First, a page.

- Crabb v Arun District Council
Crabb v Arun DC Court Court of Appeal Citation(s)  EWCA Civ 7,  1 Ch 170 Transcript(s) Full Bailii transcript Keywords Proprietary estoppel, consideration
Crabb v Arun District Council  EWCA Civ 7 is a leading property and contract case concerning "proprietary estoppel". Lord Denning MR affirmed that where agreements concern the acquisition of rights over land, there is no need for both parties to provide a consideration for upholding the bargain. While promissory estoppel cannot found a cause of action it was held that in the peculiar situation of land, consideration is not necessary at all.
In 1965 Mr Victor Crabb bought two acres of land in the sea-side village of Pagham, near Bognor Regis. His neighbours on three and a half acres to the west were Arun District Council (formerly Chichester Rural District Council). The north part of Mr Crabb's land faced Hook Lane, and the West side was Mill Park Road, which also the east side of the council's land. There were two access points to Mill Park Road, which led up to Hook Lane, and out of the village, point "A" and point "B". The access point "A" was open by virtue of a formalised easement, granted when the previous owner of the whole five and a half acres had sold the property on to both. But access point "B" was only open because the council was letting Mr Crabb use it. In February 1968 the council put up gates at point "A" and "B". Believing that he had the assurance that he could use both gates, Mr Crabb sold off the northern half of his land, where access point "A" was. Thus, for the southern half of his land, he relied on having access point "B" open. In January 1969 he put a padlock on the inside of the gate there. This made the council angry. They responded by taking down the gate and putting in fences. Mr Crabb asked that it be opened again. The council said they would in return for £3000. Mr Crabb sued the council, alleging that he had been given an assurance that the gate would remain open.
The judge found that Mr Crabb had received no firm assurance, but more importantly, if there was, Mr Crabb had given no consideration in return for it, and it was not enforceable. Mr Crabb appealed.
Lord Denning MR held that the promise could be enforced, and that a right of access over the council's land be made way for. In his Lordship's view it may have been appropriate to pay some amount for the cost of the work to take down the fence, but in view of the fact that the land had been unusable for the last five or six years, Mr Crabb should have to pay nothing.
“ When Mr Millett, QC, for Mr Crabb said that he put his case on an estoppel, it shook me a little: because it is commonly supposed that estoppel is not itself a cause of action. But that is because there are estoppels and estoppels. Some do give rise to a cause of action. Some do not. In the species of estoppel called proprietary estoppel, it does give rise to a cause of action. We had occasion to consider it a month ago in Moorgate Mercantile v Twitchings  3 WLR 286 where I said that the effect of estoppel on the true owner may be that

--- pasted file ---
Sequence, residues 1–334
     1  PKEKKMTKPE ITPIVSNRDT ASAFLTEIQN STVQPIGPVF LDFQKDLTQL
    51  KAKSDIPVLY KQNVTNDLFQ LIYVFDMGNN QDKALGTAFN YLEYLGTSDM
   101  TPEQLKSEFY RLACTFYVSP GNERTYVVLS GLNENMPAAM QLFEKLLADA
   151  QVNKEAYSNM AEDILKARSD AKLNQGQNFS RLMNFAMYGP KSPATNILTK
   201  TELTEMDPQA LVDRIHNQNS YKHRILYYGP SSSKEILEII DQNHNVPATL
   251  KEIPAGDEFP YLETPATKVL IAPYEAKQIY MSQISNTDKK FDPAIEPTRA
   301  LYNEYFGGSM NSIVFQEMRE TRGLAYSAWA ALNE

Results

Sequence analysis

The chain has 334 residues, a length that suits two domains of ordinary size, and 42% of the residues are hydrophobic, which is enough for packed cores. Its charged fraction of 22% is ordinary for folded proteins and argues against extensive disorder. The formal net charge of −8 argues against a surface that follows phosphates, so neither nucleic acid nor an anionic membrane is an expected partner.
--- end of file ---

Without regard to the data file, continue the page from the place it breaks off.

"his own title to the property, be it land or goods, had been held to be limited or extinguished, and new rights and interests have been created therein. And this operates by reason of his conduct -what he has led the other to believe - even though he never intended it."
The new rights and interests, so created by estoppel, in or over land, will be protected by the Courts and in this way give rise to a cause of action. This was pointed out in Spencer, Bower and Turner on estoppel by Representation, Second Edition (1966) at pages 279 to 282.
The basis of this proprietary estoppel - as indeed of promissory estoppel - is the interposition of equity. Equity comes in, true to form, to mitigate the rigours of strict law. The early cases did not speak of it as "estoppel". They spoke of it as "raising an equity". If I may expand that, Lord Cairns said: "It is the first principle upon which all Courts of Equity proceed", that it will prevent a person from insisting on his strict legal rights - whether arising under a contract, or on his title deeds, or by statute - when it would be inequitable for him to do so having regard to the dealings which have taken place between the parties, see Hughes v Metropolitan Railway (1877) 2 AC 448. What then are the dealings which will preclude him from insisting on his strict legal rights? -If he makes a binding contract that he will not insist on the strict legal position, a Court of Equity will hold him to his contract. Short of a binding contract, if he makes a promise that he will not insist upon his strict legal rights - then, even though that promise may be unenforceable in point of law for want of consideration or want of writing - then, if he makes the premise knowing or intending that the other will act upon it, and he does act upon it, then again a Court of Equity will not allow him to go back on that promise, see Central London Property Trust v High Trees House (1947) KB 130: Richards (Charles) v Oppenhaim (1950) KB 616, 623. Short of an actual promise, if he, by his words or conduct, so behaves as to lead another to believe that he will not insist on his strict legal rights - knowing or intending that the other will act on that belief - and he does so act, that again will raise an equity in favour of the other: and it is for a Court of Equity to say in what way the equity may be satisfied. The cases show that this equity does not depend on agreement but on words or conduct. In Bamsden v Dyson (1866) LR 1 HL at page 170 Lord Kingsdown spoke of a verbal agreement "or what amounts to the same thing, an expectation, created or encouraged." In Birmingham & District Land Co v The London & North Western Railway (1888) 40 Ch D at page 277, Lord Justice Cotton said that